Author: Erin Cory (Malmö University)
Palestinians share a history of exile oriented towards the loss and reclamation of a homeland, often expressed through a shared visual lexicon and mythos. In the context of refugee camps, however, local visual culture and everyday practices demonstrate how Palestinian lives are also grounded in local stories and experiences. How do Palestinian refugees deploy everyday practices to create their home spaces? What can these practices reveal about refugees’ myriad belongings? And, in thinking about these practices, what can be said about how a feeling of home can be articulated in exile, which is at its heart the forced removal/dislocation from home?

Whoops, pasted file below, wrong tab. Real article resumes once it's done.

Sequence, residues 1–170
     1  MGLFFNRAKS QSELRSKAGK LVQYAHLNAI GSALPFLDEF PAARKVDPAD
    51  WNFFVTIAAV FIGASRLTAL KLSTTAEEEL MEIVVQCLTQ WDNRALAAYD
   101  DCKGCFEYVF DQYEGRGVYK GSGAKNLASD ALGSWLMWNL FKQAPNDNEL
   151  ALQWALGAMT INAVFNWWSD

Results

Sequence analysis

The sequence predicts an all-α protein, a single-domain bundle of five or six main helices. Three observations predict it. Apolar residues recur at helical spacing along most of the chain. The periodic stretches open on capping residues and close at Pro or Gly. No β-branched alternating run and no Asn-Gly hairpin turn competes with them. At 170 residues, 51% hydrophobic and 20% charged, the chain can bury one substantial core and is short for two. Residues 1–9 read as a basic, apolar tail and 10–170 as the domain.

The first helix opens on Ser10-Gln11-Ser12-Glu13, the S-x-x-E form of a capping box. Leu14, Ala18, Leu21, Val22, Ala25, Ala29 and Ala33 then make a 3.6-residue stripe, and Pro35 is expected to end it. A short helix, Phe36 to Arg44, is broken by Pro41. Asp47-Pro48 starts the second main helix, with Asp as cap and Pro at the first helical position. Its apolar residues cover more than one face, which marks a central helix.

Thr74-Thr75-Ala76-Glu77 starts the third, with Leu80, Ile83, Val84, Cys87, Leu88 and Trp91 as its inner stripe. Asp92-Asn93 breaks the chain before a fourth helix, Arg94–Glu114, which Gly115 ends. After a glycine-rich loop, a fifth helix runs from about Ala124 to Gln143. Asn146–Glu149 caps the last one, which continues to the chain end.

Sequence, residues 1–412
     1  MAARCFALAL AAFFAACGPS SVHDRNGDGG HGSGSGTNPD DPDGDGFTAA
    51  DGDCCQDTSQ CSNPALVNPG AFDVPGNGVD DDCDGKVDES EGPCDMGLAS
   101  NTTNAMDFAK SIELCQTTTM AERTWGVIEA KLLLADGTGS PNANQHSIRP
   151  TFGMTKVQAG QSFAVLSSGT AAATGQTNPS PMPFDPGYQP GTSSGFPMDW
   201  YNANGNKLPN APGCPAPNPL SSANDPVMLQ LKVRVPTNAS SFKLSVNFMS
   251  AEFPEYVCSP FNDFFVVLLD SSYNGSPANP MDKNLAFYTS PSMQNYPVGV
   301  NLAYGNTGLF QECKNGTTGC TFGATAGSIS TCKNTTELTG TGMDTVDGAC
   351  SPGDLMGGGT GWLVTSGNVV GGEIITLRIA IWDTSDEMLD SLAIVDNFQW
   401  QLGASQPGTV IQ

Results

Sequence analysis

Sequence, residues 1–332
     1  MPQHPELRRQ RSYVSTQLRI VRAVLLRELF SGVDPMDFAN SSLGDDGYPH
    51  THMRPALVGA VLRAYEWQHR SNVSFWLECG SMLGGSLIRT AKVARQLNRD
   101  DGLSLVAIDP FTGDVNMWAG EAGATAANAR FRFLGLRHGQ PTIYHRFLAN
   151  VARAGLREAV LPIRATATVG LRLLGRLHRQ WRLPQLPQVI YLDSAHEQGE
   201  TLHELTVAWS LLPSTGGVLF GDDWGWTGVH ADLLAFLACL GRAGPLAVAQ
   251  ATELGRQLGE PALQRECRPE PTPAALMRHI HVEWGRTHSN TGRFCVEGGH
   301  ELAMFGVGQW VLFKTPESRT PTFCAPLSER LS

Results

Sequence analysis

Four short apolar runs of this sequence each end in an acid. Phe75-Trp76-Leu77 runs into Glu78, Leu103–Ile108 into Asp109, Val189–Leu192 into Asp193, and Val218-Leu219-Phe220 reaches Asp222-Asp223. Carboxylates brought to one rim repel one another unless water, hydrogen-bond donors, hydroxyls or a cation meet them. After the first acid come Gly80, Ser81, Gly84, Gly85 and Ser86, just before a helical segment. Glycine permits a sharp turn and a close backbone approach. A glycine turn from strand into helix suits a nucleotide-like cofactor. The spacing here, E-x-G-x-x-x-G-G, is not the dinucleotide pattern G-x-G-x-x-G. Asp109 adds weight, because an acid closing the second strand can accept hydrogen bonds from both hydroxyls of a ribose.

This article uses a comparative ethnographic analysis of two Palestinian camps in Lebanon to challenge overarching narratives of ‘Palestinianness’ by calling attention to the rich multiplicity of Palestinian refugee identities. In focusing the analysis on everyday practices ‐ specifically street art and walking ‐ by which residents make and experience home in the camps, the article grapples with the seeming contradictions between ‘home’ and ‘exile’ that colour the experiences of not only Palestinians, but also refugees and asylum seekers in other circumstances of protracted uncertainty, as they attempt to migrate and make home in new countries.